KARACHI: Investors chose the cautious route and stayed on the sidelines for the second week running, as the benchmark Karachi Stock Exchange (KSE)-100 index remained range-bound, but managed to gain 20 points (0.1%) in the week ending December 21.
The market failed to capitalise further on the cut in the discount rate announced by the State Bank, and was also held back by a persistent depreciation in the rupee against the dollar. The KSE-100 index traded in a narrow range of 180 points, while the 17,000 points psychological barrier continued to remain elusive.
The State Bank of Pakistan had slashed the discount rate by 50 basis points to 9.5% over the previous weekend. However, the index was largely unaffected by the decision, as the rate cut had already been factored in by investors: evidenced in the index climbing 600 points (3.7%) over the last 30 days.
The absence of any positive triggers other than the discount rate cut was also a major factor in the market’s lacklustre performance. The only other news of note was that textile exports for the first five months of the current fiscal year were up by 7.8% to $5.4 billion.
The higher export numbers helped in reducing the country’s deficit. However, this was the only positive news on the macroeconomic front, as the persistent slide in the rupee continued, while the country’s current account slid into a deficit from a surplus during November.
The rupee hit an all-time low of Rs98.14 against the dollar in the inter-bank market on Monday: it looked set to breach the Rs100-to-a-dollar mark, before the State Bank intervened and managed to shore up the slide. The country’s foreign exchange reserves, meanwhile, dipped to $13.2 billion during the week, triggering fears that the central bank would be unable to sustain its interventions in the money market for long.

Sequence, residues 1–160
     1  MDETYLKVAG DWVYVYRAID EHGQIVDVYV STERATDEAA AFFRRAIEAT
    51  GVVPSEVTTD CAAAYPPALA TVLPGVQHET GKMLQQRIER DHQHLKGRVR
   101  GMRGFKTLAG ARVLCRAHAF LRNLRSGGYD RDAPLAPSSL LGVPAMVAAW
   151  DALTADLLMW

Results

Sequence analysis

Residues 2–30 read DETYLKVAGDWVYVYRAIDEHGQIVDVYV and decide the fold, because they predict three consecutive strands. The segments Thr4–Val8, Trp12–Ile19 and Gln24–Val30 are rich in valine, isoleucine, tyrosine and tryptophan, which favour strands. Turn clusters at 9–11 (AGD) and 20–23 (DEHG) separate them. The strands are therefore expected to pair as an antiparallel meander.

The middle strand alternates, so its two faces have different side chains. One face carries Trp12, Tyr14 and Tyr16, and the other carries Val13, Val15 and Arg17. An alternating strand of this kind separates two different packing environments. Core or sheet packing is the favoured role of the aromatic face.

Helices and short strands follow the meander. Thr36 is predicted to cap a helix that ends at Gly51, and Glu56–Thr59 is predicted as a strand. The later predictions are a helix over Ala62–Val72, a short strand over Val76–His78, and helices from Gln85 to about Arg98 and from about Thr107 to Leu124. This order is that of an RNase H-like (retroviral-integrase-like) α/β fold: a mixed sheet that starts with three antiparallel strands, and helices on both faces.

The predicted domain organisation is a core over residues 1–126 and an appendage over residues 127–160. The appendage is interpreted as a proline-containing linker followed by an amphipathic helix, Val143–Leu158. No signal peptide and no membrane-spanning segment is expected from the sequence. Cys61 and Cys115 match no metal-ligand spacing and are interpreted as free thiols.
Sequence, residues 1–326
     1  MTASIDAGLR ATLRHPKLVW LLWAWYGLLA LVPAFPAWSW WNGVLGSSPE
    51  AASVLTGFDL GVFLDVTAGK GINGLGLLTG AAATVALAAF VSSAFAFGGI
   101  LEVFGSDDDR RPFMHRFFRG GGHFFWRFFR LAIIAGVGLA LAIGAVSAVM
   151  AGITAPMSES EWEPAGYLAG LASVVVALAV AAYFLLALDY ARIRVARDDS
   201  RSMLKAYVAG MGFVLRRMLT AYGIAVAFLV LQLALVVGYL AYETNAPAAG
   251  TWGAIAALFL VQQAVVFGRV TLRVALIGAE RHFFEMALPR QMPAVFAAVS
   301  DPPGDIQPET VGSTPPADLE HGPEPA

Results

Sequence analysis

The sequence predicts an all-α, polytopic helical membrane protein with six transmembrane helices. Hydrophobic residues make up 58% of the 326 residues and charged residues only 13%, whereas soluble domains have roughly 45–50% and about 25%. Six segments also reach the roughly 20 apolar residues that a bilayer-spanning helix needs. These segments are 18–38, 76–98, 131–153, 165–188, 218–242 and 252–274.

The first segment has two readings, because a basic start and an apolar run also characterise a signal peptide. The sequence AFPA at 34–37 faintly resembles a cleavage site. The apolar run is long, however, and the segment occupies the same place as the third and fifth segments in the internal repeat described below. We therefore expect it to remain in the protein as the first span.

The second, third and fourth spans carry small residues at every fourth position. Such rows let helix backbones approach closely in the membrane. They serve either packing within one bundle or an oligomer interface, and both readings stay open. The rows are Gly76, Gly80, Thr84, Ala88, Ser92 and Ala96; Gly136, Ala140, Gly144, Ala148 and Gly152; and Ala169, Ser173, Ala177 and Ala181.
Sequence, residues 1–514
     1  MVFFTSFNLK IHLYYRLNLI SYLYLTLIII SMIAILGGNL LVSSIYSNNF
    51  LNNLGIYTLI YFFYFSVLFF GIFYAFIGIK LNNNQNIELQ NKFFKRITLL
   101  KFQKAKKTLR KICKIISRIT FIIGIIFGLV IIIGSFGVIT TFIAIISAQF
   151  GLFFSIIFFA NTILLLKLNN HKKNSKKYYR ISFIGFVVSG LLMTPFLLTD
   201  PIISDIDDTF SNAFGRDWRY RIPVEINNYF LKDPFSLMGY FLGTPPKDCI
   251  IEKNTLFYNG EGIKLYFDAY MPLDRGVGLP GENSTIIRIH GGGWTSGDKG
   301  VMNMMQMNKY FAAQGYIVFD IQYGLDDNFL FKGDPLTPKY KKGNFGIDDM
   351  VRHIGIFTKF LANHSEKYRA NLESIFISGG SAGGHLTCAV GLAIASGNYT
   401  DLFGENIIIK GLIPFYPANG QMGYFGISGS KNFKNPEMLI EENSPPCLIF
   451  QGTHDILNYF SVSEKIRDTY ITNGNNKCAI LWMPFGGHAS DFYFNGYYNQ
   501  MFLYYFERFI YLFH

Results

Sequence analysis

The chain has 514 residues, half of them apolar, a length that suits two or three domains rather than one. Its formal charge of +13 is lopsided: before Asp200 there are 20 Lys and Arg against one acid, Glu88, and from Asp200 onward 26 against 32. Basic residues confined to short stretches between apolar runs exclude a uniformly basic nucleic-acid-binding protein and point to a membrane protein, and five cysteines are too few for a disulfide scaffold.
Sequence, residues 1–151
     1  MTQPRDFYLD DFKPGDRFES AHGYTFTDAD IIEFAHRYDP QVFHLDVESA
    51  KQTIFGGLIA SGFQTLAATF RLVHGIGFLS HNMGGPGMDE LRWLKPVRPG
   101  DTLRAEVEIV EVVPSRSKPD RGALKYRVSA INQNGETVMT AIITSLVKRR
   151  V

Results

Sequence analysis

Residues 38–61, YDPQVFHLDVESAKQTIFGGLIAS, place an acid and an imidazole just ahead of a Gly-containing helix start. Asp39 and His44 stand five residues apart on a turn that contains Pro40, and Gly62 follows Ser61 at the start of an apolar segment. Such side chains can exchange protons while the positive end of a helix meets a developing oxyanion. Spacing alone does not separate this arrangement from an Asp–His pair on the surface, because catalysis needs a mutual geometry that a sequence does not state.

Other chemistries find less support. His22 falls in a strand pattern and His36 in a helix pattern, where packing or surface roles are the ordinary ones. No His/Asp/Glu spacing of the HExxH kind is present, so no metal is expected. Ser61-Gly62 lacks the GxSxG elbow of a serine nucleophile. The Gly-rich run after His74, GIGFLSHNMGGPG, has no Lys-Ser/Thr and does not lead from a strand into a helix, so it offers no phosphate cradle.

The country’s current account was another sore point during the week, as it slid from a surplus in the first four months of fiscal 2012, to a deficit of $365 million for the five-month period ended November 2012. However, the macroeconomic situation is likely to improve during January, as the government is expected to receive another $688 million from the US as part of the Coalition Support Fund.
Activity at the bourse picked up slightly, as average daily volumes were up 2% to 138 million shares traded per day. However, most of this activity was restricted to speculative stocks, as the KSE-30 index (of blue chip companies) contributed to only 25% of the total volumes traded at the bourse.
Average daily values fell 4% to Rs3.5 billion traded per day, despite the increase in volumes. The market capitalisation of the KSE increased 0.4% to Rs4.23 trillion by the end of the week.
Winners of the week
TRG Pakistan operates as an information technology company. The company provides business support and software services to companies. It manages call centres and offices in Pakistan and elsewhere throughout the world.
NIB Bank Limited is a commercial bank operating in Pakistan.
Rafhan Maize Products Company produces corn oil, industrial starches, liquid glucose, dextrin, gluten meals, and other corn related products. The company also produces a wide range of co-products such as gluten feeds, meals, and hydrol.
Losers of the week
Grays of Cambridge
Grays of Cambridge (Pakistan) is a holding company. The company, through its subsidiaries, manufactures and exports sporting goods, specialising in hockey sticks.
Murree Brewery Company specialises in the manufacture of beer and Pakistan Made Foreign Liquor. The group also has juice extraction and food manufacturing divisions, located at Rawalpindi and Hattar respectively. Their glass division manufactures all the group’s bottles and jars.
JDW Sugar Mills produces and sells crystalline sugar. The company is located in Rahim Yar Khan, and was formerly named United Sugar Mills Limited.
Published in The Express Tribune, December 23rd, 2012.
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